Similar interview questions: Are you typically a meets expectations person or an exceeds expectations person? What do you do when you are given the goals or requirements for a project? How were you rated on your most recent performance review? Give an example of when you went beyond meeting the basic needs of a user.
Why the interviewer is asking this question: Most jobs have a “meets expectations” level of delivery as a baseline. Yet employers are consistently looking for superstars who will exceed expectations in delivery. Often, just meeting expectations can be difficult, so there are few who actually exceed expectations. But most individuals have an example (or two or three) of times where they were able to exceed expectations. If a candidate cannot provide even one example, it is likely that they will be, at best, a mediocre performer in the role.
The best approach to answering this question: Select a time when you exceeded expectations, even if it was only for one part of the requirements for the project or assignment. If you are an experienced candidate, you should select a recent work project. If you are an entry level or internship candidate, the ideal is to select an internship experience. However, if you do not have one, you can select a school assignment, ideally one that is career related. Give specifics about the requirements and how you exceeded them.
An example of how to best answer this question for experienced candidates: “In my most recent project, our users asked to add a new feature to the product. Since this was essentially a bolt-on addition to some rather antiquated code, I dug deeper and found that we could upgrade that entire section of code to make it more efficient with only a small amount of additional effort. I got the OK from my manager to proceed and we did the upgrade to the delight of the user community, since it increased system efficiency by more than 50% due to the tighter integration with the code base…”
An example of how to best answer this question for entry level candidates: “In my recent internship, I was part of a small team tasked with researching our user experience for a new component which was going to be implemented. Previously, my internship employer had relied on internal employees as test subjects for their alpha and beta testing. I made a recommendation to my project leader that we might want to reach out to our users who are connected to us via social media to see if any would be willing to test the final beta. I got the OK and we assembled a team of 15 external users to do final beta testing. The results were that we got a much more robust and diverse set of responses externally that helped us to come out with a flawless launch later that month…”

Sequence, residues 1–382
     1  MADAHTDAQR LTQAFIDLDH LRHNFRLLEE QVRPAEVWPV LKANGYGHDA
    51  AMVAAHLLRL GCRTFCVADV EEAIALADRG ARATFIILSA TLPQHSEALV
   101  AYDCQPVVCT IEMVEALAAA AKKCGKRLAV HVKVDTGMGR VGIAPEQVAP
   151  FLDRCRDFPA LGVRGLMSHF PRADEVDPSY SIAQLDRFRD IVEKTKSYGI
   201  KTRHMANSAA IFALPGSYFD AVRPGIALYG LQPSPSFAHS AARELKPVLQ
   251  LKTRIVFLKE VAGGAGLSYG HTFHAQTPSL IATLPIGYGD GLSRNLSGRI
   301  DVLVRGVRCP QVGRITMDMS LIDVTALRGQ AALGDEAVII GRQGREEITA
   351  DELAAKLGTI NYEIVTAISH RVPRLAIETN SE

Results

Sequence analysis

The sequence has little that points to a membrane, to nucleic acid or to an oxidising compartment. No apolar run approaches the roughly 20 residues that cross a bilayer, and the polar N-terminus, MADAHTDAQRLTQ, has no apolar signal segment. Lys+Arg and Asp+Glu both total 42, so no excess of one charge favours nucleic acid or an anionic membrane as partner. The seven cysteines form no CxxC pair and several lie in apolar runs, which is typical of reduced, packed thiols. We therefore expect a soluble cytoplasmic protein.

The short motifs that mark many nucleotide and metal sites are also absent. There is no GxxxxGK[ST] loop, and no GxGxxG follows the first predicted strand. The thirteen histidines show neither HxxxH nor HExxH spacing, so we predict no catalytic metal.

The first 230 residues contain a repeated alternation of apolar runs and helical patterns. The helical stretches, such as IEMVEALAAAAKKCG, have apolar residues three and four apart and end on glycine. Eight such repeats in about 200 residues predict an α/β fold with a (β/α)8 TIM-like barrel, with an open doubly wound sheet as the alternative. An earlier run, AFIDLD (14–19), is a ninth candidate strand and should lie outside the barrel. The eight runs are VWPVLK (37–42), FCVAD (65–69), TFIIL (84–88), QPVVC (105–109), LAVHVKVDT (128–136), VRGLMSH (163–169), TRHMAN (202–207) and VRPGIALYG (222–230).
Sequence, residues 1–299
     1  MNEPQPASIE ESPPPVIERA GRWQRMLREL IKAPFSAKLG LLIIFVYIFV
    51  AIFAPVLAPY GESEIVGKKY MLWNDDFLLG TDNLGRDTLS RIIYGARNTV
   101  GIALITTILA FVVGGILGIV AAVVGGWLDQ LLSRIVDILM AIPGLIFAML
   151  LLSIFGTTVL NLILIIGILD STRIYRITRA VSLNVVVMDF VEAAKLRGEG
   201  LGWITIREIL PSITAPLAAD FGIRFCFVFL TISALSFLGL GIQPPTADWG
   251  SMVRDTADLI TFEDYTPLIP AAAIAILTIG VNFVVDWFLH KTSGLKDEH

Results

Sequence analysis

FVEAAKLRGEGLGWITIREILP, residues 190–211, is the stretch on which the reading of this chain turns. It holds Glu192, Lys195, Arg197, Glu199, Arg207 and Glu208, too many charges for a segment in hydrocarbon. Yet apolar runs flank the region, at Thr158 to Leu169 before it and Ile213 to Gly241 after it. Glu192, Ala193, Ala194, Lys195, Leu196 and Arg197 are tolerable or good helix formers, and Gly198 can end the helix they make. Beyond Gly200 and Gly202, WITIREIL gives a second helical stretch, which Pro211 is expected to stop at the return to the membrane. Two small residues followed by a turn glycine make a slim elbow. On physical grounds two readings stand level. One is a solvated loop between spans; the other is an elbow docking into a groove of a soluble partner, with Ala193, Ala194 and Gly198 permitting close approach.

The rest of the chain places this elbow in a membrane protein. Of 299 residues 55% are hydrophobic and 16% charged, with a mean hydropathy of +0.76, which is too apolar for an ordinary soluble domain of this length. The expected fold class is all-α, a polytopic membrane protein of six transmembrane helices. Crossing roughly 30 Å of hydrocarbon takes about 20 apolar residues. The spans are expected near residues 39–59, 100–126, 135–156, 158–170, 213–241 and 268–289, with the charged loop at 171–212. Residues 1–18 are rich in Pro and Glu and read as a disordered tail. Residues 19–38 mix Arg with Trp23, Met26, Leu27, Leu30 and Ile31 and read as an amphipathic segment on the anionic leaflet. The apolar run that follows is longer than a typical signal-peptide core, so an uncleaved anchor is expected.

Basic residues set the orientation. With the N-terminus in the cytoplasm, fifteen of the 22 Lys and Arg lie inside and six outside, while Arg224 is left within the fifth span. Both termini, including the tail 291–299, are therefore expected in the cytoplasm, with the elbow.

An example of how to best answer this question for internship candidates: “In my capstone class, we were assigned a research project which most students delivered based on Internet and library research. However, I went out to several businesses in the area to interview practitioners to get their current views on the subject. The result was a much more current and relevant sample set. My professor had me present my findings to the class and held it up as one of the best reports he had received in the history of teaching that class…”
An example of how you should not answer this question: “Well, I usually do just the minimum required to get the job done. But recently I was able to pad my work estimate so that I finished the project ahead of schedule. The user was really happy about it, even though it was just me giving a lot of fluff in the initial estimate. I always find that it’s best to underpromise so that whatever I deliver is considered overdelivered…” Remember to answer each interview question behaviorally, whether it is a behavioral question or not. The easiest way to do this is to use an example from your background and experience. Then use the S-T-A-R approach to make the answer a STAR: talk about a Situation or Task (S-T), the Action you took (A) and the Results achieved (R). This is what makes your interview answer uniquely yours and will make your answer a star!